The second reason I think it could happen is that he’s playing with his brother. Jeff Sullivan crunched the numbers at FanGraphs to see if siblings improved if they were on the same team, and the answer was: Not really! “It turns out baseball is a complicated game the outcomes of which can’t be determined by one’s emotional state,” he writes. “Play with a brother in April and, chances are, come July or August, it just feels like regular baseball.” Being wicked smaht, however, he throws in this caveat:
Of course, what applies generally doesn’t have to apply specifically, and the Upton brothers are unique, like all sets of brothers. Both are known for their incredible raw skillsets, and both are known for not consistently reaching their ceilings. Maybe each will be motivated in Atlanta by the presence of the other. Or maybe B.J. will just be happy to be away from Tampa, and Justin will just be happy to be away from Arizona. Maybe they don’t improve. Maybe they stay the same, or even get worse. At the end of the day, they’re just two teammates in major-league baseball who know each other pretty well.
If you hadn’t guessed by now, I think the combination of B.J. being away from Tampa, and taking on an elder-ish statesman role on a high profile team alongside his struggling younger brother, will be good for him. I’m not sure this works out for Justin, anecdotally, but he’s already owned for $31. Obviously, BJ at $10 is a better bet than Justin, but the question is whether it’s a good one. I think BJ is good for Justin. It’s possible that being an oldest brother with the initials “B.J.” is clouding my judgment. It’s likely, even, but it doesn’t make me wrong. At the very least, I don’t see how it would hurt B.J. This is obviously a major judgment call, but it’s on these margins that desktop scouting happens. There’s an argument that it’s a hobby from which to stay away, like picking stocks unless you’re really good at it, but forget it, Marge: It’s fantasy baseball.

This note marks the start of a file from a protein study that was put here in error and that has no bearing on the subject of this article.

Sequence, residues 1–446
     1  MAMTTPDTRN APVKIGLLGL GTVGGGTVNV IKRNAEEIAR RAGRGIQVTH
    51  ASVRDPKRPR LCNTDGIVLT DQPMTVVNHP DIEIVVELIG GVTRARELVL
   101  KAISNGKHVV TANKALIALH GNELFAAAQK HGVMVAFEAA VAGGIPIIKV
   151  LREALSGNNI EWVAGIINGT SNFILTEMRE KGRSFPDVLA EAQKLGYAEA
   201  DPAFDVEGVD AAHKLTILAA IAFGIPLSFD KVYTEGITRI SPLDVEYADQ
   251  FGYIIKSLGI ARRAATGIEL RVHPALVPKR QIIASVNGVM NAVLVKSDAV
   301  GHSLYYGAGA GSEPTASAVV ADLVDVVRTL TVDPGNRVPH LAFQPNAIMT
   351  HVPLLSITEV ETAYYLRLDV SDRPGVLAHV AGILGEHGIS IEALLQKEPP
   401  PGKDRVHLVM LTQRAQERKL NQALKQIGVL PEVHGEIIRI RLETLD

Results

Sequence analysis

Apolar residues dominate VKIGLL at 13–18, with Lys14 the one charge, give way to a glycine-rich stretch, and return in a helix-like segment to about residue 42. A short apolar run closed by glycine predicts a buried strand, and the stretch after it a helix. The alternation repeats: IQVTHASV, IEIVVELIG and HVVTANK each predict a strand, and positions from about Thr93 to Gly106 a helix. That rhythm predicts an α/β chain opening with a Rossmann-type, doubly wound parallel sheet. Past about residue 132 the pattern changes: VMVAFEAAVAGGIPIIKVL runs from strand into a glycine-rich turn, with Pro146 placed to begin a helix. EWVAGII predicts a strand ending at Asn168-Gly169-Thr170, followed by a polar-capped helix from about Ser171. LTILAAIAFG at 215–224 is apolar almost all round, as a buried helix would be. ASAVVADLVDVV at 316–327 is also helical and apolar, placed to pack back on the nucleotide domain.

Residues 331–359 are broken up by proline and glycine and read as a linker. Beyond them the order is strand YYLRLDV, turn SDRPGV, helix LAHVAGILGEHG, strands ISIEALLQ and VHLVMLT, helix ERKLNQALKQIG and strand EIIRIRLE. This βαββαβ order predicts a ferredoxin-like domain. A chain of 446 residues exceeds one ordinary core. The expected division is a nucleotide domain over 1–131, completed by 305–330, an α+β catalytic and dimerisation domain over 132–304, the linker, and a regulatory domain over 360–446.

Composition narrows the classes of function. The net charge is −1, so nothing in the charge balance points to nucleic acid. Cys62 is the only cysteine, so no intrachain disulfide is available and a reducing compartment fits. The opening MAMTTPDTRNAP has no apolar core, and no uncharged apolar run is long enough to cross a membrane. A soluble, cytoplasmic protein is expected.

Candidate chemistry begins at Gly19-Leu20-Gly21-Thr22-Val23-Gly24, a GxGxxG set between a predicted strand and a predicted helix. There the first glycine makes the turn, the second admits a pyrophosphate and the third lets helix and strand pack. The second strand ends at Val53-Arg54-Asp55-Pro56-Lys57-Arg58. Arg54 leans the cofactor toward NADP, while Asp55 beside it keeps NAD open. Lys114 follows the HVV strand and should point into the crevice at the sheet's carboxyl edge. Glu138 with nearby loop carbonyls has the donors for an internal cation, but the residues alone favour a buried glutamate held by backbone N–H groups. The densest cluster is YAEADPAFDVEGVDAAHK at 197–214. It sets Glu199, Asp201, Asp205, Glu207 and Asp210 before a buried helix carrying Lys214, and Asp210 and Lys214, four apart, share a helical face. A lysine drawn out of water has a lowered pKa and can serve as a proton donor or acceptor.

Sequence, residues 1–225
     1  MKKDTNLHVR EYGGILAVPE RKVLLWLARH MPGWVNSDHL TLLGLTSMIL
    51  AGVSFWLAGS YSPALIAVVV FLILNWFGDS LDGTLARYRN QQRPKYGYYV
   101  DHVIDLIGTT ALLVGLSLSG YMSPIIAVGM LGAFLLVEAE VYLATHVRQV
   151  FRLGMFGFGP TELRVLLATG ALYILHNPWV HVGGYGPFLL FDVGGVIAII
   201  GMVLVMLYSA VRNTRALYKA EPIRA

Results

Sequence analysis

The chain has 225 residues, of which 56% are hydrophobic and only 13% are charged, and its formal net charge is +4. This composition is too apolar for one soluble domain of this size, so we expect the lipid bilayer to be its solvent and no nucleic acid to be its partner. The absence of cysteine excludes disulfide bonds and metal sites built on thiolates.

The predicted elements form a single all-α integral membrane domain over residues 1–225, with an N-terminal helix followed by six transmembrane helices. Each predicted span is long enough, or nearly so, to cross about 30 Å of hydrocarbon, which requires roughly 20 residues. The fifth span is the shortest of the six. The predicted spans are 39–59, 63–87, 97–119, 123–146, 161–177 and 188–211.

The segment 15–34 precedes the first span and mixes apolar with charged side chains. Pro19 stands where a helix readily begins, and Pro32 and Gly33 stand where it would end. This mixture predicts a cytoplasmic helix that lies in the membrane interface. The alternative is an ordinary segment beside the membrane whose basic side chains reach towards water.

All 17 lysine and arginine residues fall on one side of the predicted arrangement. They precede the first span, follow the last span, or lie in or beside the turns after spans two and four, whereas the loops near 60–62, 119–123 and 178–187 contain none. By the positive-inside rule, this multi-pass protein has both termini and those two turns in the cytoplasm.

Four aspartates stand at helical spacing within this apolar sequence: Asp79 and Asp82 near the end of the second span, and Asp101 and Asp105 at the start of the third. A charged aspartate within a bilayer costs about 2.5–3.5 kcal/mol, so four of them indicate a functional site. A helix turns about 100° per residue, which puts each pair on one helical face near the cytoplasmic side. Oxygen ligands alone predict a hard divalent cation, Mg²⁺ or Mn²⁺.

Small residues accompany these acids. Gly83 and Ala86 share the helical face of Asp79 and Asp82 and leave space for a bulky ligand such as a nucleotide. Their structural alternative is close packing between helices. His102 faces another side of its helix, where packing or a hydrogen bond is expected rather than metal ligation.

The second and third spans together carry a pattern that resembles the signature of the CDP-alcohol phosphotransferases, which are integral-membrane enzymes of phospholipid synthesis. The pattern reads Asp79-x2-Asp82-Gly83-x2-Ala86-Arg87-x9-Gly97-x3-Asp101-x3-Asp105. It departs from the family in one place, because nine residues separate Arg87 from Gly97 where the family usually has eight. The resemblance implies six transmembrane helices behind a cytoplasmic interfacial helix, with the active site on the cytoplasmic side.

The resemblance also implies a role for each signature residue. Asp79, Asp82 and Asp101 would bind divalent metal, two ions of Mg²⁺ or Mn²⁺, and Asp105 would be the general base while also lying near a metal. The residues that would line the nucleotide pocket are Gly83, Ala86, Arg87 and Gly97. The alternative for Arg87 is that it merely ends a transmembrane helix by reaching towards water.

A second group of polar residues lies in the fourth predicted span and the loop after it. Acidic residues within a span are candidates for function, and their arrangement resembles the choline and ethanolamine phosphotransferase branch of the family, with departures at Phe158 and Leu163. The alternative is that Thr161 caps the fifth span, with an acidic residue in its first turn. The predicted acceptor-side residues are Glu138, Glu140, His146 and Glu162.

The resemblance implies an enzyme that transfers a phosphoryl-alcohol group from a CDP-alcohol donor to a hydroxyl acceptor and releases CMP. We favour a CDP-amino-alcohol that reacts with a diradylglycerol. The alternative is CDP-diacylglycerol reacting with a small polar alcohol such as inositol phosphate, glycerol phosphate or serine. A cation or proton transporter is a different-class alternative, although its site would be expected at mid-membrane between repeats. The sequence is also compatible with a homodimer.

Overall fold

Finally, I think the Braves provide a better environment for Upton than Tampa’s wonderful free-for-all. Part of growing is accepting that you need to change, and if Atlanta’s slightly more strict ways can have a positive effect on Upton, and get him to wait on juuuuust a few more pitches, the benefits will expand disproportionately to the costs of instilling them. This is always true, but this is why change can be important — even if Upton is nothing I say he might be, and does in fact use his contract as an excuse to dog it, the barriers to getting messages across in a new environment are necessarily easier to cross than they are in a static situation. If the Braves can get him to stop swinging even a little bit, they’ll make out well. I think they’ll do it, and I’m betting my fake money that it’ll be this year. I feel just good enough about it, but these are the margins at which I have to work.